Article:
Tag Archives: sangiovese

What I’m Drinking: Italian Wine Style!

I recently had the opportunity to attend an Italian wine pairing dinner through a wine group that I attend. The dinner featured the wines of Zerba Cellars, which is right across the border into Oregon (although it’s seriously a hop, skip, and a jump from many of the southern Walla Walla wineries. Maybe just a hop, even). We started with a dry Sangiovese rosé, paired with bruschetta, then moved on to a beautiful, light Dolcetto (traditionally a variety grown in the Piedmont region of Italy) with the bruschetta. Dinner was lasagna (one meaty kind and one vegetarian kind), garlic bread (of course), salad, and Barbera, which was nice and bright and paired really well with food, followed by a Sangiovese, whose earthiness really complemented the veggie lasagna.

I’ve tasted Zerba’s wines before, and liked most of them without being really wowed by them, but I really enjoyed all of them with food. In particular, the Dolcetto and Barbera were really stand-out wines when we had them with appetizers and the meal, enough that I’ll swing by Zerba and pick up some bottles before they sell out. The Dolcetto, specifically, because I think the case production was pretty limited; there isn’t a whole lot of Dolcetto planted around Walla Walla, to my knowledge!


I don’t really know much about Italian wines, except that I really enjoyed some Valpolicella and Chianti Classico when I was in Tuscany a few years back, just discovering red wines. I think I’ll have to do some research (and “research” by means of drinking wine) on Italian varieties pretty soon!


Does anyone have any recommendations for Italian wines for me to try? 


What I’m Drinking, 4th of July Edition: CAVU Rosé


Full disclosure: I haven’t actually been to CAVU and I hadn’t tasted any of their wines before drinking this DEE-LICIOUS rosé. CAVU is one of the Incubator wineries, which is an area of small winery spaces located near the Walla Walla airport. Start-up wineries can lease these spaces short-term while they get started, and then they typically move to a better/bigger/different location. CAVU is just about to move to a different space in the airport area, which means that they must be doing pretty well. And this rosé was pretty awesome, so I’m not going to disagree.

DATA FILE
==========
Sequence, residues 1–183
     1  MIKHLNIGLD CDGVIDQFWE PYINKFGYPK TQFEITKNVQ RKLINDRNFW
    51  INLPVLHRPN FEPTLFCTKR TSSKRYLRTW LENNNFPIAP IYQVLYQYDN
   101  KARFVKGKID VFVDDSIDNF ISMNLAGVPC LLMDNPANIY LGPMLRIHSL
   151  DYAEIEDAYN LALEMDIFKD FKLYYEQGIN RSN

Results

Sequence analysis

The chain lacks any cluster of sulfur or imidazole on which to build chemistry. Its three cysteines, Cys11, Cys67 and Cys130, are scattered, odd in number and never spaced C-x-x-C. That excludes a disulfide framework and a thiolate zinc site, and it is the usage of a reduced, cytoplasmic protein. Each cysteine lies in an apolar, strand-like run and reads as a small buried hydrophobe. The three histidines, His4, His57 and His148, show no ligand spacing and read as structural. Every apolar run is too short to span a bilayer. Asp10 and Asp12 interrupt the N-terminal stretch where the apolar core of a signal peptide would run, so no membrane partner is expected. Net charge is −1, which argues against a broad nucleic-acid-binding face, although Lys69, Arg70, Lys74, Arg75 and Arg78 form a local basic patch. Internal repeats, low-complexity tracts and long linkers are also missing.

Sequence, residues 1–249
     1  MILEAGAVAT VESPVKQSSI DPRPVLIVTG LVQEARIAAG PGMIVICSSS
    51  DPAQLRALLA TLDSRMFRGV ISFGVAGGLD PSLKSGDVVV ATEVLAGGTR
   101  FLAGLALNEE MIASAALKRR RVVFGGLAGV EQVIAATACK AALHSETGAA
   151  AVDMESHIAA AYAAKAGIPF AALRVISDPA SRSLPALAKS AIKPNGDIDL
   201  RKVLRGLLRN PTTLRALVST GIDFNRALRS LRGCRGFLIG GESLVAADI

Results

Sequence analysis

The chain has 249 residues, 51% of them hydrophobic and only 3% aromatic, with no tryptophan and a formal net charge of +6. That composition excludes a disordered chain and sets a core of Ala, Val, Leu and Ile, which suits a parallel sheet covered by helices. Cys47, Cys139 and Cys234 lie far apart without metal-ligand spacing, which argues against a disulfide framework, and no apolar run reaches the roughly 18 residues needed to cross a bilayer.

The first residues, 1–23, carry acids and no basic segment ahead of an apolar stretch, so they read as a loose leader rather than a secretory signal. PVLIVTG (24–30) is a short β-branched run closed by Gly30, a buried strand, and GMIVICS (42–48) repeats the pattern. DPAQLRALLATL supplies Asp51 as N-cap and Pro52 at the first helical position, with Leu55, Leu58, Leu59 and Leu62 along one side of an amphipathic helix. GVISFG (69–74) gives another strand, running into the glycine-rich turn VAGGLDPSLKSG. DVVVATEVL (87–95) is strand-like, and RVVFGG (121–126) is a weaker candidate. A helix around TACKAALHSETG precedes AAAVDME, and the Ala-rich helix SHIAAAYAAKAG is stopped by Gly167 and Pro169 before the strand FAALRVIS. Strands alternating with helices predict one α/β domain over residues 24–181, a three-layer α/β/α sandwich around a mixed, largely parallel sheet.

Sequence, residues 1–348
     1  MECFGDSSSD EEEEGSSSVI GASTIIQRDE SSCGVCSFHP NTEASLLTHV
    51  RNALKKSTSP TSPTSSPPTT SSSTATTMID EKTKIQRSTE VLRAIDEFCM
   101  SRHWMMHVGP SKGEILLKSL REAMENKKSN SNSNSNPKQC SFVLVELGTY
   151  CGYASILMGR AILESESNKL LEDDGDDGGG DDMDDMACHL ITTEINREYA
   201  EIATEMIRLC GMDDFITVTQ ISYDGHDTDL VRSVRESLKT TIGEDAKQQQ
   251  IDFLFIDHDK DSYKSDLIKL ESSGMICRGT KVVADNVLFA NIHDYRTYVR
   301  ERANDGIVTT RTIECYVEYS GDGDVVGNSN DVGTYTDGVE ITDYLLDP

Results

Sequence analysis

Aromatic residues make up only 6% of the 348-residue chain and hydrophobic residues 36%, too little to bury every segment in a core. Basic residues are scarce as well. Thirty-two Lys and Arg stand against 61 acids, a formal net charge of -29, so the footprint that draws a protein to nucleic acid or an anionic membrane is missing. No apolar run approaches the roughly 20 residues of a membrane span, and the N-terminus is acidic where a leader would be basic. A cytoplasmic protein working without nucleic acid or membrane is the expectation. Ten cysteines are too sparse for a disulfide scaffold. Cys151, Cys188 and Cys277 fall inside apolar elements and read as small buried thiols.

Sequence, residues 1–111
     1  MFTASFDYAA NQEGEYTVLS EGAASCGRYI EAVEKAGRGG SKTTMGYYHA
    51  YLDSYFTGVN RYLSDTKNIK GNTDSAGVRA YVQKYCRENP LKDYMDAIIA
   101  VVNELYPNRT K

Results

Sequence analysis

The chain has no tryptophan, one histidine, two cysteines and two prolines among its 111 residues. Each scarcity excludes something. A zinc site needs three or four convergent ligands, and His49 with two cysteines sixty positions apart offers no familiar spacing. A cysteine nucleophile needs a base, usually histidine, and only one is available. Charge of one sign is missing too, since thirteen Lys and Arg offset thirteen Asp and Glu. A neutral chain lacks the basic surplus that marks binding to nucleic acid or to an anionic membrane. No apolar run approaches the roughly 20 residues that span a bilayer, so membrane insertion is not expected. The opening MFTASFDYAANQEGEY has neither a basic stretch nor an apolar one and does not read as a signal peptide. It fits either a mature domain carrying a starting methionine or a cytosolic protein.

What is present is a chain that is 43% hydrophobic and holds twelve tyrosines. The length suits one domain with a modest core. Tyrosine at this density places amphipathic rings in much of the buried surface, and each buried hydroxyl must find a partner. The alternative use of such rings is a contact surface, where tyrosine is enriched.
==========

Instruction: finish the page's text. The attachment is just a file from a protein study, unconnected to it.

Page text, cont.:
This is a Barbera rosé, which I haven’t seen too much of; I’ve seen a lot of Sangiovese rosés, and even some Sangiovese/Barbera ones, but not many 100% Barbera. It gives it a nice acidity, with some good oomph to it. Lots of strawberry/raspberry flavor, dry and refreshing. In this kind of heat, I’m not looking for a big or heavy wine. This rosé has enough body to feel like you’re drinking wine, but it’s not going to weigh you down in the hot weather!

To be honest, part of the reason why I wanted to drink this particular wine for 4th of July was because of the blue and white label, which looks like an American flag with the rosé in the bottle and made me feel celebratory! We paired it with our 4th of July dinner: pasta salad and a tomato-basil salad in a balsamic and wine vinaigrette.

After dinner, we switched to gin and tonics, which is my other preferred hot-weather drink.

Check out CAVU online!



What is a tannin?

What is a tannin and why are people obsessed with the tannins in wine? Before I knew anything about wine, tannins confused me more than everything else about wine combined. Is it a flavor? Do they add it to the wine? Is it good or bad?

Tannin is a compound naturally found in plants (like, you know, red grapes). Tannins are bitter, often described as astringent or dry. If a wine leaves you puckering, it’s a sure bet that it’s tannic. You know that puckery feeling you get when you drink oversteeped tea? That’s tannin.

You get tannin in wine from the grape skins. Some grapes are naturally more tannic than others; Cabernet Sauvignon has a very thick skin, which means it grows well in most climates, but also that it has a lot of tannin. Pinot Noir, on the other hand, has very thin skin, which means it’s delicate to grow and has very little tannin. Aging wine in oak barrels also imparts tannins; the longer you have wine in oak, the more tannic the wine.

It can be both good and bad. Overly tannic wine is not a pleasant taste or sensation, but it mellows out over time. Puckery tannins become soft and smooth as the wine ages in bottle, leaving it with fully body, structure, and a long finish. Wines with little tannin can be weak and flavorless. In short, you want a wine with enough tannin to give the wine structure or allow it to age, but not so much that it makes you look like you just bit into a lemon.

A handy infographic for you! This is a very rough guide of wines with the most to least tannins; it will vary because of climate, regions, aging, etc, but this is a little shortcut for those of you new to wine.

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Photo by David Wilbanks via fotopedia.